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united. The extremities of the tubes are, however, flat and fibrous. This tubular and retractile tongue enables the bird to suck up honey from the nectaries of flowers, and also to capture small insects; but whether the latter pass down the tubes, or are entangled in the fibrous tips and thus draw back into the gullet, is not known. The only other birds with a similar tubular tongue are the sunbirds of the East, which however, as we shall presently explain, have no affinity whatever with the hummingbirds. Colours and Ornaments.-The colours of these small birds are exceedingly varied and exquisitely beautiful. The basis of the colouring may be said to be green, as in parrots; but whereas in the latter it is a silky green, in humming-birds it is always metallic. The majority of the species have some green about them, especially on the back; but in a considerable number rich blues, purples, and various shades of red are the prevailing tints. The greater part of the plumage has more or less of a metallic gloss, but there is almost always some part which has an intense lustre, as if actually formed of scales of burnished metal. A gorget, covering the greater part of the neck and breast, most commonly displays this vivid colour; but it also frequently occurs on the head, on the back, on the tail-coverts above or below, on the upper surface of the tail, on the shoulders or even the quills. The hue of every precious stone and the lustre of every metal is here represented ; and such terms as topaz, amethyst, beryl, emerald, garnet, ruby, sapphire; golden, golden-green, coppery, fiery, glowing, iridescent, refulgent, celestial, glittering, shining, are constantly used to name or describe the different species.
No less remarkable than the colours are the varied developments of plumage with which these birds are adorned. The head is often crested in a variety of ways; either a simple flat crest, or with radiating feathers, or diverging into two horns, or spreading laterally like wings, or erect and bushy, or recurved and pointed like that of a plover. The throat and breast are usually adorned with broad scale-like feathers, or these diverge into a tippet, or send out pointed collars, or elegant frills of long and narrow plumes tipped with metallic spots of various colours. But the tail is even a more varied and beautiful ornament, either short and rounded, but pure white or some other strongly contrasted tint; or with short pointed feathers forming a star; or with the three outer feathers on each side long and tapering to a point ; or larger, and either square, or round, or deeply forked, or acutely pointed; or with the two middle feathers excessively long and narrow ; or with the tail very long and deeply forked, with broad and richly-coloured feathers; or with the two outer feathers wire-like and having broad spoon-shaped tips. All these ornaments, whether of the head, neck, breast or tail, are invariably coloured in some effective or brilliant manner, and often contrast strikingly with the rest of the plumage. Again, these colours often vary in tint according to the direction in which they are seen. In some species they must be looked at from above, in others from below ; in some from the front, in others from behind, in order to catch the full glow of the metallic lustre; hence, when the birds are seen in their native haunts, the colours come and go and change with their motions, so as to produce a startling and beautiful effect. t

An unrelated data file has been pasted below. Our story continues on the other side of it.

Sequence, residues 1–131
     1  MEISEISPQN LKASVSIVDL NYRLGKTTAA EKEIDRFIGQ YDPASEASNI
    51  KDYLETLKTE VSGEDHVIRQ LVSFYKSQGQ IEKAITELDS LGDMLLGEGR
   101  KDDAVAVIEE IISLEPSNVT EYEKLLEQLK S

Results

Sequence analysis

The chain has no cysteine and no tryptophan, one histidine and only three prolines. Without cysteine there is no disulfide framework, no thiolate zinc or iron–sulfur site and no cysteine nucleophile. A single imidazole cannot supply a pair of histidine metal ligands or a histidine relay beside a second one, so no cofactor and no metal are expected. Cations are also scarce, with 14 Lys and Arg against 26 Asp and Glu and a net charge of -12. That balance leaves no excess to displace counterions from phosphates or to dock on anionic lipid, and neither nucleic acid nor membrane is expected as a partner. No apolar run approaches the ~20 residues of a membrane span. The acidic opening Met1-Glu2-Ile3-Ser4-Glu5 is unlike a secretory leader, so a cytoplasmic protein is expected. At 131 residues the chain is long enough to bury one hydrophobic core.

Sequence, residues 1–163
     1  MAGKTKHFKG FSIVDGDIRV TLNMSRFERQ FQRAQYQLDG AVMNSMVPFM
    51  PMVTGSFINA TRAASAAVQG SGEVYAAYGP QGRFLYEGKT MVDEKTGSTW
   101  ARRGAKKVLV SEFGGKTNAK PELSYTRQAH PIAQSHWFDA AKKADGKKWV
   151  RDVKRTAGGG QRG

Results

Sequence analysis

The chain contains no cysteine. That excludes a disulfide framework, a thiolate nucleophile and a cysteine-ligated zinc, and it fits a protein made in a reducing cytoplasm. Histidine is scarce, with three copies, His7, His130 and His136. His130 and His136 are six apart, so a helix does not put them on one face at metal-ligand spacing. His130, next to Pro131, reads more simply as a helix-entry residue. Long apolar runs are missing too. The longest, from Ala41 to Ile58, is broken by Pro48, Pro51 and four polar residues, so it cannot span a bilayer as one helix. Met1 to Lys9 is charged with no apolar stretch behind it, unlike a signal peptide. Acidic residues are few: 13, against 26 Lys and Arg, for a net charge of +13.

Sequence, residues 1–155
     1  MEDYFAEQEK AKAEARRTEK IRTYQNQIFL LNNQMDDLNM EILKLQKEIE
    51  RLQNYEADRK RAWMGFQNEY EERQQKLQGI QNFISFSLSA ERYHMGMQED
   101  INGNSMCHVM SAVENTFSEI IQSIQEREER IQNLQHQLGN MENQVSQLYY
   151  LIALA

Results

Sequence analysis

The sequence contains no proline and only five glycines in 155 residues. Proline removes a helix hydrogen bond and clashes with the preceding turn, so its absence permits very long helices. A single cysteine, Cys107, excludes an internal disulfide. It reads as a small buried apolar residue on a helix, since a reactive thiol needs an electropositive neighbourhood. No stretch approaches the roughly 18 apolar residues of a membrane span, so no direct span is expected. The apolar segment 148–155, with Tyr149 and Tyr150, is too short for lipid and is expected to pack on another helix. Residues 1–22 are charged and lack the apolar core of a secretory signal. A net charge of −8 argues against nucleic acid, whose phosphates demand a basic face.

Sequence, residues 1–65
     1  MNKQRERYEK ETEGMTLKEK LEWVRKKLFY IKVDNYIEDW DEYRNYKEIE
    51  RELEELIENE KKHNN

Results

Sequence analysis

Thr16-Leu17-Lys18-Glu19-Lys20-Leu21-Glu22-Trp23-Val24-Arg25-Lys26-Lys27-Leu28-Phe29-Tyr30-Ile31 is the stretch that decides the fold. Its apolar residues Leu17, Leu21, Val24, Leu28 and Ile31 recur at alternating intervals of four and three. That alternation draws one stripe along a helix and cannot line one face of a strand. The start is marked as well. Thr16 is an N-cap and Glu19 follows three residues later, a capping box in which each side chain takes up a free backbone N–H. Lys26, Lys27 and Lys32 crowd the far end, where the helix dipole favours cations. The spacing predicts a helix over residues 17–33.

The bill differs greatly in length and shape, being either straight or gently curved, in some species bent like a sickle, in others turned up like the bill of the avoset. It is usually long and slender, but in one group is so enormously developed that it is nearly the same length as the rest of the bird. The legs, usually little seen, are in some groups adorned with globular tufts of white, brown, or black down, a peculiarity possessed by no other birds. The reader will now be in a position to understand how the four hundred species of hummingbirds may be easily distinguished, by the varied combinations of the characters here briefly enumerated, together with many others of less importance. One group of birds will have a short round tail, with crest and long neck-frill; another group a deeply-forked broad tail, combined with glowing crown and gorget; one is both bearded and crested ; others have a luminous back and pendent neck-plumes; and in each of these groups the species will vary in combinations of colour, in size, and in the proportions of the ornamental plumes, so as to produce an unmistakable distinctness; while, without any new developments of form or structure, there is room for the discovery of hundreds more of distinct kinds of humming-birds.